Selca (셀카) or selfies, aren’t unique to Korea of course. But Koreans sure do have a knack of creating selca trends. Everyone, from idols to grandmas, seem to be snap-happy with their phones. There’s even a phrase for it: selca noli (selca play) is when a person holds an impromptu photo shoot with their phone pointing facewards, snapping billions of pictures of themselves either with or without friends. New phones in Korea often come equipped with selca-friendly technology, like shutters that will activate if you wink at the lens.

If you’re looking for advice on how to take Korean-style selcas, here’s a great blog with some ideas.

The number one rule, however, is do not forget the importance of angles. A selca taken from above will always make your face look smaller and cuter. One Korean girl’s video demonstrating the vast difference of angles went viral a few years ago, even making it into the British press. See why right here, and then here’s some more, similar importance of angles videos inspired by her – why are they so damn addictive?!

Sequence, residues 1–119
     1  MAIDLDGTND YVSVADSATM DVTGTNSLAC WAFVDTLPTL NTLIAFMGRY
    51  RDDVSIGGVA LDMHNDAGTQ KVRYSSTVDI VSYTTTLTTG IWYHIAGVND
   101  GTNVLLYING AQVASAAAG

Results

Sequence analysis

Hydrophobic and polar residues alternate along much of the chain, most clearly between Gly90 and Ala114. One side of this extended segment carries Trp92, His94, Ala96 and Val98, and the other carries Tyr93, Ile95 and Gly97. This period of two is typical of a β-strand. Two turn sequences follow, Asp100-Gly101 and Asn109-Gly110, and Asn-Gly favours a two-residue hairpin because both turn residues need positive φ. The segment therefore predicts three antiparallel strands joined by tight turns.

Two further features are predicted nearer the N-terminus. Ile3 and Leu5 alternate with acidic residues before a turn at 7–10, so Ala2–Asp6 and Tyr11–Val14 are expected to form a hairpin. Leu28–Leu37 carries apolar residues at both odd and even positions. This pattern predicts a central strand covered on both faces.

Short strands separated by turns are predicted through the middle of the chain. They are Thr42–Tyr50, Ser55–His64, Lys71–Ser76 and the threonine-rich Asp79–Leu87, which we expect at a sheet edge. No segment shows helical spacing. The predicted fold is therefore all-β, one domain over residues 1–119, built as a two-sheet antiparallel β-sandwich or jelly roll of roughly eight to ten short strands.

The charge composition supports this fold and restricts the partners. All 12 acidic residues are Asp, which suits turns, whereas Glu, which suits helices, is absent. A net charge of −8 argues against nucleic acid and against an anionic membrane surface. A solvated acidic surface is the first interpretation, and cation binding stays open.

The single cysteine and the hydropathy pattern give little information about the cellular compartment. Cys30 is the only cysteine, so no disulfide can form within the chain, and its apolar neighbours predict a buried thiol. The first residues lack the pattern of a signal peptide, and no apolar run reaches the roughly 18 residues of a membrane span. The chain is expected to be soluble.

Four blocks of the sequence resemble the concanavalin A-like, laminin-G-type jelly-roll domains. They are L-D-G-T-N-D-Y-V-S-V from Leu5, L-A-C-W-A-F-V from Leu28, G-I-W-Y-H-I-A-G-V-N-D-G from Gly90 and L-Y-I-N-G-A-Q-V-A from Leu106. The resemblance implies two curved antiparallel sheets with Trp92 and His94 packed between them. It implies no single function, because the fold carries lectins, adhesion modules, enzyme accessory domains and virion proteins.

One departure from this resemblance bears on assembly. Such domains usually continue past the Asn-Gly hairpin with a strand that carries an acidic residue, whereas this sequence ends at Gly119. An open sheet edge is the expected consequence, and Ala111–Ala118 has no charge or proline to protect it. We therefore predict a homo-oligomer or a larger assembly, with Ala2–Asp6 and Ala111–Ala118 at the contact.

Instagram is a good place to spot new selca trends from Korea. Last year, there was a trend for styling your fringe into a heart before you took a selca, called 하트 앞머리 (hateu aapmuhri) see some examples right here.

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Idols are also trend-setters when it comes to selcas, using them to tease fans while backstage or keep fans’ interest during quieter public activities. Although, when it comes to a shirtless Siwon from SuJu, no reason is really needed at all.

And how about morajoogi? These are selcas where everyone else in the photo pulls a stupid face in order to make one person look good. SHINee did a great round of morajoogi (‘visual boost’) pics last year, and Jonghyun posted on twitter about it. Try it out with friends the next time you’re taking group pics.

Which leads me to a final point on selfie sticks. There’s no denying they’re useful for taking group pics, but be aware that many tourist spots are now banning the use of them for safety reasons. The Korean government also tightened up rules for retailers on the kinds of selfie sticks they sell, due to the bluetooth technology some use.


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British writer and editor living in Japan. Currently studying Japanese, Korean, K-pop dance, and the fine form of 이성종's legs.